Not that I’m going to do it right away. But I’m working on getting a few jobs in order to save up enough money to move out there by this time next year. It was a little exciting, because I was finally able to share with plan with someone (I had been holding off on mentioning it to my parents, because I wasn’t sure how they would react to me moving so far away by myself).

And the two things I am looking forward to most besides obtaining some sort of job?

Privacy and Freedom.

Updates


It may only be Day Three in our little excursion, but Sauce Off has gotten an impressive start. Here are just a few things you can expect in the coming weeks:

1. A week from today we will introduce our new bloggers
2. We will feature an article from bowski477 of Aesthetically-Pleezin.com, chronicling her online success following graduation
3. College senior KB will update us on her hopes and fears as she prepares to enter her final year
4. We will visit several colleges to see what questions they have for Post Grads
5. Twice a week we will feature a new Post Grad with an internet presence (if you are interested in being featured, please email the link to your blog/website/web show/etc. to sauceoffjournal@gmail.com)

And there will be plenty more. Remember, we’re still looking for guest bloggers, and new articles. (other forms of media will also be considered). Some thing’s we are interested in – recent grads (within the past two years) who are also parents/about to become parents, grads who have successfully navigated the job market, grads attenting grad school, grads engaged, grads who realized they want to do something different than what they obtained their degrees in, unsuccessful journey’s through the job market, students who started college and for one reason or another dropped out, traveling grads, advice from professors and employers, etc.

All submissions must be directed to sauceoffjournal@gmail.com. They may be no longer than 650 words and must be accompanied by a brief (2-3 sentences) summary of the author. People who are not recent Post Grads can still submit articles, so long as material involves Post Grad life in one form or another. And please, don’t be intimidated.

-Chris Bahrens

Sauce Off aims to educate current and future students on life after graduation. If you are worried, excited, or even confused, Sauce Off is here to answer your questions – and remind you that you are not alone.

Can A Parent Be Too Supportive?


By sendmeonmyway101

My dad graduated from University when I was eight. I can still remember being crowded into stadium seating for what felt like four hours, watching parades of people I’d never seen before crossing the stage, all dressed in bulky black robes and looking like penguins from our nose-bleed seats.

He was hired in October of that same year. By Michael’s birthday in November, our family had packed up and moved halfway across state. Kyle and I were already in elementary school. Kyle prospered in our new school, but it took me much longer to adjust. This new school expected more of students than our previous school, and I had a difficult time keeping up during my first few years. Since then I have only reflected on how that move affected me, and I never thought to ask what was going through my dad’s head at the time.

Following my first failed interview, my dad and I sat down and talked about his own experience post-college.

He was a chemistry major in a time before chemistry was a cool thing (i.e., before forensic-fueled shows like CSI came onto the scene). He had also been out of his mother’s home for close to nine years. He was independent, in a rather non-competitive market, and he had a wife and children to support. Bills were piling up, and the job that he had wouldn’t do much good once student loans hit. He had a reason to find a job.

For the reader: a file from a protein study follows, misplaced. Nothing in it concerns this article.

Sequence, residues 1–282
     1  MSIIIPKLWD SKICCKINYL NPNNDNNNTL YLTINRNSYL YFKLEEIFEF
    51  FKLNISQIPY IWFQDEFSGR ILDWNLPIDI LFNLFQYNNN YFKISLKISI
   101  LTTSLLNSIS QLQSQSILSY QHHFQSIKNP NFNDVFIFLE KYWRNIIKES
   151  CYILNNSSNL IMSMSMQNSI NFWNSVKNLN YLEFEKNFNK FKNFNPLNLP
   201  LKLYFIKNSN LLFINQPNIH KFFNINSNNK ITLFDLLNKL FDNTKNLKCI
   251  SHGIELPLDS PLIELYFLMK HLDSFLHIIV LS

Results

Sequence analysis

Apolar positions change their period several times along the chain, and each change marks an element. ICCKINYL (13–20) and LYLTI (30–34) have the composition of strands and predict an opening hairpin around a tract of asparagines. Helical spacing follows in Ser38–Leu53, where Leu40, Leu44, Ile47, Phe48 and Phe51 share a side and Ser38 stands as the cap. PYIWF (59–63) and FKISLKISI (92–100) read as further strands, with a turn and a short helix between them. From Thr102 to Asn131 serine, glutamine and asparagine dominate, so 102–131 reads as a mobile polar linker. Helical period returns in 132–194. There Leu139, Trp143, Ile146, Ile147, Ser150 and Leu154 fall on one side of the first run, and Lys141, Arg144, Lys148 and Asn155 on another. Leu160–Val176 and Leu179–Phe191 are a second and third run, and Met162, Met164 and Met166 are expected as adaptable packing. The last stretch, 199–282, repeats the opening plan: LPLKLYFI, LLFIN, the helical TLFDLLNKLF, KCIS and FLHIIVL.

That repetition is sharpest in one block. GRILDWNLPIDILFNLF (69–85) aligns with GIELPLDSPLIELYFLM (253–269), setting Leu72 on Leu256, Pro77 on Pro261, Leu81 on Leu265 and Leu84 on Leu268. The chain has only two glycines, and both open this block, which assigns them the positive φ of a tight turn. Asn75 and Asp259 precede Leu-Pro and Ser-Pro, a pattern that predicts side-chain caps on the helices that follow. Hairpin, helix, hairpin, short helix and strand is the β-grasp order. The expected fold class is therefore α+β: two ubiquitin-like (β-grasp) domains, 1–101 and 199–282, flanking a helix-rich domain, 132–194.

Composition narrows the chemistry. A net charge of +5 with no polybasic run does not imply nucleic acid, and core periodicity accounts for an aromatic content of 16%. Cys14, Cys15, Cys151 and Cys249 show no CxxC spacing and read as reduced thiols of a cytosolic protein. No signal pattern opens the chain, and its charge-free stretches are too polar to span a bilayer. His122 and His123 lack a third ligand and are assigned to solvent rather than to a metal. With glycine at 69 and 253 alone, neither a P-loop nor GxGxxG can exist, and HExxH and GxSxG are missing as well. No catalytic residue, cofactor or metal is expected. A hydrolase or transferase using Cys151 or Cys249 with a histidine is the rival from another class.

I told my dad about the questions the interviewers asked, and the answers I gave (and then I told him about the better answers I had come up with on my drive back home). He told me about the four interviews he had prior to being hired, and how he had bombed his first with poor answers; how he had been promised a job on his second, only to have the company declare bankruptcy before he could get started; and how he had been unable to impress a key member during his third interview. But he learned from each interview, and by the time he landed his fourth, he was ready for them.

After telling me all this, my dad said, “You watch any newborn first learning to walk, and they fall down, and they fall down, and they fall down. But they have the natural instinct to keep trying until they’re successful. Every person has that natural instinct, but somewhere along the way life beats it out of them. The thing that you have to do is find that drive that you had as an infant.”

It’s great advice, and it does make me feel less harried about the whole job thing (which I suppose was his intention). But at the same time I’m afraid he’s too supportive. He had a family to maintain post-graduation. I live at home, and living at home isn’t half as bad as I thought it would be. I suppose I’m afraid that knowing I have such a soft cushion to fall back on will hinder my interest in job hunting. I don’t have the same motivation that he had. His advice, which would be brilliant if I was in the same spot he’d been in at my age, only reminds me that failure is OK.

It is, but failure is really only OK if you learn from your mistakes and keep trying. Any infant keeps trying to walk because they’re motivated to get somewhere on their own. I have a roof over my head, my bills are paid, I get paid for doing housework (something that I quickly realized I love to do), and I have freelance activities to keep my mind occupied. The only goal I’ve held my whole life that has motivated me is graduating from college. Without that, how do I figure out what to do next?

The Obvious Downside


By sendmeonmyway101

I had hoped to get a few more postings about the positives of being a Stay at Home Daughter – Constantly clean house, free time, energy, and there are more, sure – but I have once again come face to face with the obvious downside.